Charles Russell Bardeen

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Charles Russell Bardeen, M.D.
Charles Russell Bardeen.jpg
Bardeen in 1914
Born (1871-02-08)8 February 1871
Kalamazoo, Michigan
Died 12 June 1935(1935-06-12) (aged 64)
Madison, Wisconsin
Nationality American
Fields Medicine & Anatomy
Institutions Johns Hopkins University
University of Wisconsin–Madison
Alma mater Harvard University
Johns Hopkins University

Charles Russell Bardeen (8 February 1871 – 12 June 1935)[1] was an American physician and anatomist and the first dean of the University of Wisconsin Medical School.

Early years[edit]

Bardeen was born to Charles William Bardeen and Ellen Palmer Dickerson Bardeen in Kalamazoo, Michigan in 1871, but grew up in Syracuse, New York. His father was an educator and publisher. He attended the Teichmann School in Leipzig, Germany, and then completed his B.A. at Harvard University in 1893. By virtue of being in the first medical school class at Johns Hopkins University, and having a last name at the beginning of the alphabet, Bardeen was the first person ever to receive an M.D. from that institution, in 1897. Another member of his class, Eugene Lindsay Opie, also went on to a medical school deanship, at Washington University in St. Louis.

First graduating class of Johns Hopkins University School of Medicine, 1897. Bardeen is in the back row, third from left. Dr. William H. Welch, the first dean of the medical school, is in the middle of the group.

Career[edit]

Bardeen taught at Johns Hopkins University from 1897 to 1904. He then left Johns Hopkins and accepted the post of professor of anatomy at the University of Wisconsin–Madison.

Bardeen came to Wisconsin at a time when the university was expanding under President Charles R. Van Hise. Van Hise and Bardeen shared the view that the one element the university was missing was a medical school. Bardeen was asked to create a two-year program fully integrated into the university.

In 1907, he became the first dean of the University of Wisconsin Medical School.

Bardeen wanted the new medical school to evolve into a four-year program. However, he had to battle local physicians, who believed that such an institution would rob them of their livelihood. Later, the First World War and the 1918 influenza epidemic convinced them, and the public, that more physicians were needed in Wisconsin. Finally, in 1924, Wisconsin General Hospital opened its doors, and a year later the Medical School invited students to participate in a four-year curriculum.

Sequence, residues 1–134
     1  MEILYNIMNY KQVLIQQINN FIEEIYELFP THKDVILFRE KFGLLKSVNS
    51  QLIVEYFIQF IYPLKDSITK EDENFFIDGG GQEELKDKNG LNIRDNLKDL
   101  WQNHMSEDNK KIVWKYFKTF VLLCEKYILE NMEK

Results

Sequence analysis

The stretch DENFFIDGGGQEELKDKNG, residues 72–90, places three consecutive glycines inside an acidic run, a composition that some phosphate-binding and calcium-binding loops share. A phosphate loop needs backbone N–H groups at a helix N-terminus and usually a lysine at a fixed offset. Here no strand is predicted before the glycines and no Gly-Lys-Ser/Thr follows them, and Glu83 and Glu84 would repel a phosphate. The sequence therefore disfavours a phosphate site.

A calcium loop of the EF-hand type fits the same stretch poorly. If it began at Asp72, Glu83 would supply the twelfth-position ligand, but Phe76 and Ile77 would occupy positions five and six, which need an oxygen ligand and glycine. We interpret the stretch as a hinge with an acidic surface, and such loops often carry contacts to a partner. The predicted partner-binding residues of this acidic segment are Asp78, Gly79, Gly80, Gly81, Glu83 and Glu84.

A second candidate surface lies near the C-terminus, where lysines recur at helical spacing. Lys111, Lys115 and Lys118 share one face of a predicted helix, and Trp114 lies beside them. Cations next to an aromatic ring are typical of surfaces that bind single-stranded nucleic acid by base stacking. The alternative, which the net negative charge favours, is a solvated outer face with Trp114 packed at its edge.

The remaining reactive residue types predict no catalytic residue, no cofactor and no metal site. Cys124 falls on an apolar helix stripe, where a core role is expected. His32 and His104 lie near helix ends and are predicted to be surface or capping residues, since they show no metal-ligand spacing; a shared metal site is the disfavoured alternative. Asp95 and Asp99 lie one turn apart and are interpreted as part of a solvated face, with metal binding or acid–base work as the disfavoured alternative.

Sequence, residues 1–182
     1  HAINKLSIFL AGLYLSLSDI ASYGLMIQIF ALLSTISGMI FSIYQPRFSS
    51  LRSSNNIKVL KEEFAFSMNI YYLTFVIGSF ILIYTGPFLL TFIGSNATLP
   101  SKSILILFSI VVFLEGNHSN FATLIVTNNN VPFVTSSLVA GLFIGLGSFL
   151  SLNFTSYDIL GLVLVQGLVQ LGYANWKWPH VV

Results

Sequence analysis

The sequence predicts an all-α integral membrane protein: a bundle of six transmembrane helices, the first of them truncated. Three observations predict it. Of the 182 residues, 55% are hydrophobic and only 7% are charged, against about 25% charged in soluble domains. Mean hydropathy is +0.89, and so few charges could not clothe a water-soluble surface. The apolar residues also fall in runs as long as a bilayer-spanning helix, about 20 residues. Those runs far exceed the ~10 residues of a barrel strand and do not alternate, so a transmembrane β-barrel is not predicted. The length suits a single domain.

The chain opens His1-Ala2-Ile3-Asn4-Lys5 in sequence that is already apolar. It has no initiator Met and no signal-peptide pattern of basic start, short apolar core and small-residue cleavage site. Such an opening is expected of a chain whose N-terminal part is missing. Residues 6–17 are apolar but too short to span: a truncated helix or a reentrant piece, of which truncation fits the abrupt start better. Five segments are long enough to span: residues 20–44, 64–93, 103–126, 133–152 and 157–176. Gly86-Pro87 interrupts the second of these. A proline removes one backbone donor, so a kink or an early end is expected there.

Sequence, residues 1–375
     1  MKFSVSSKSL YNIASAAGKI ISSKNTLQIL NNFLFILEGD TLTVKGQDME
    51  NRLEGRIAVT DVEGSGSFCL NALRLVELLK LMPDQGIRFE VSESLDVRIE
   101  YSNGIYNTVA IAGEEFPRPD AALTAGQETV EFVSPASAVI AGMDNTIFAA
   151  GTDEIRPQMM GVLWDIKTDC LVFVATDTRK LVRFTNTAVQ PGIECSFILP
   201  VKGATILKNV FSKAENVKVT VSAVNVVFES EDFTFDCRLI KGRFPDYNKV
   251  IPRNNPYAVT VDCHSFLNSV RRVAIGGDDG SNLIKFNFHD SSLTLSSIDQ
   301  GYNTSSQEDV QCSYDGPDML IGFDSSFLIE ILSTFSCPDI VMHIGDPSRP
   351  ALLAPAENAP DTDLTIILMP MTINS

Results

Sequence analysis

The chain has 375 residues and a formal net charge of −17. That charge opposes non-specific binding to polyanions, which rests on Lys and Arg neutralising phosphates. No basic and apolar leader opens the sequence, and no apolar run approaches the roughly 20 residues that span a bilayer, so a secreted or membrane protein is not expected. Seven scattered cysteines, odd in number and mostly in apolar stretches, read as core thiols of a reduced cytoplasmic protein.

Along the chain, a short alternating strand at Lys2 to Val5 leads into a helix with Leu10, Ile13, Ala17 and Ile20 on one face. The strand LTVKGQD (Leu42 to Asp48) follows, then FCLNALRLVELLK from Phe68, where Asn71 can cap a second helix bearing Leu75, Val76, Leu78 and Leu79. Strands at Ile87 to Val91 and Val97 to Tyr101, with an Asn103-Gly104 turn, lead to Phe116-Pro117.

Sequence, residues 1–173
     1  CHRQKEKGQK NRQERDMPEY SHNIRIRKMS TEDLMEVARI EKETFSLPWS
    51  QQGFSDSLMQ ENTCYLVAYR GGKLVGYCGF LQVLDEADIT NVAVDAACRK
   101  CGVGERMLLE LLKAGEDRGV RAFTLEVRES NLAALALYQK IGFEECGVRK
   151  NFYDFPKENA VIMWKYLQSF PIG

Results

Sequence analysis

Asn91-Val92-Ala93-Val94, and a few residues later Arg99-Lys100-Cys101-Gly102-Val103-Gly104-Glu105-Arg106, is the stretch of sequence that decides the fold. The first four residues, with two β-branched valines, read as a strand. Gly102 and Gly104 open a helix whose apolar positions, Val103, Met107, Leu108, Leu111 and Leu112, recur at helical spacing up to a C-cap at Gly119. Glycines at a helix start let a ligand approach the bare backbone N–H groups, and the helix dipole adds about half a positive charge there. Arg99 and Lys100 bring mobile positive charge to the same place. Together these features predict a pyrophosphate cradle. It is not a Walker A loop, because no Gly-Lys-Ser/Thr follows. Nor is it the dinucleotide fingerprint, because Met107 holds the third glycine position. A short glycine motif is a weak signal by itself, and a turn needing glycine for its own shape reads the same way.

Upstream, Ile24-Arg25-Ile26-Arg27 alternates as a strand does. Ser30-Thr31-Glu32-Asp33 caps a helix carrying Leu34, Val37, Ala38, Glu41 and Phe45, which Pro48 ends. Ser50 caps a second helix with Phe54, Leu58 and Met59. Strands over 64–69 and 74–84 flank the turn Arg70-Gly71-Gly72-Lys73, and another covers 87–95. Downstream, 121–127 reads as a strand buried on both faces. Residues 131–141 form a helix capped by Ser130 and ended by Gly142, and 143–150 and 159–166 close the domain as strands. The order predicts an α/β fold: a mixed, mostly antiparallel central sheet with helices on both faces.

However, the medical school had difficulty meeting the clinical needs of the extended curriculum. Bardeen had a solution. He wanted a co-opting of state physicians into the medical school's educational activities. Beginning in 1926, fourth-year medical students would spend eight weeks working in one of the many private practices scattered across the state of Wisconsin. The preceptorship rapidly grew into one of the most popular aspects of medical education at the university. Later, the preceptor concept introduced by Bardeen became an important national innovation.

Bardeen contributed articles on embryology, morphology, anatomy, and other subjects to scientific journals.

Personal life[edit]

Bardeen was married to Althea Bardeen (née Harmer). She had taught at the Dewey Laboratory School and managed an interior decorating business before marrying, and was an active figure in the art world. After her death from cancer in 1921, Charles married Ruth Hames.

His son, Dr. John Bardeen, became the only person to win the Nobel Prize in Physics twice, in 1956 and 1972.

Bardeen died in Madison, Wisconsin in 1935, from pancreatic cancer. He was succeeded as Dean of the University of Wisconsin Medical School by Dr. William Shainline Middleton.

References[edit]

  1. ^ Harvard Alumni Association; Associated Harvard Clubs (1 January 1935). Harvard alumni bulletin. p. 1171. Retrieved 31 August 2011. 
  • Clark PF: The University of Wisconsin Medical School—A Chronicle, 1848–1948. University of Wisconsin Press, Madison, WI, 1967; pp. 41–50.
  • Charles R. Bardeen
  • Oliver R: Making the Modern Medical School: the Wisconsin Stories. Science History Publications, Canton, MA, 2002; pp. 1–25.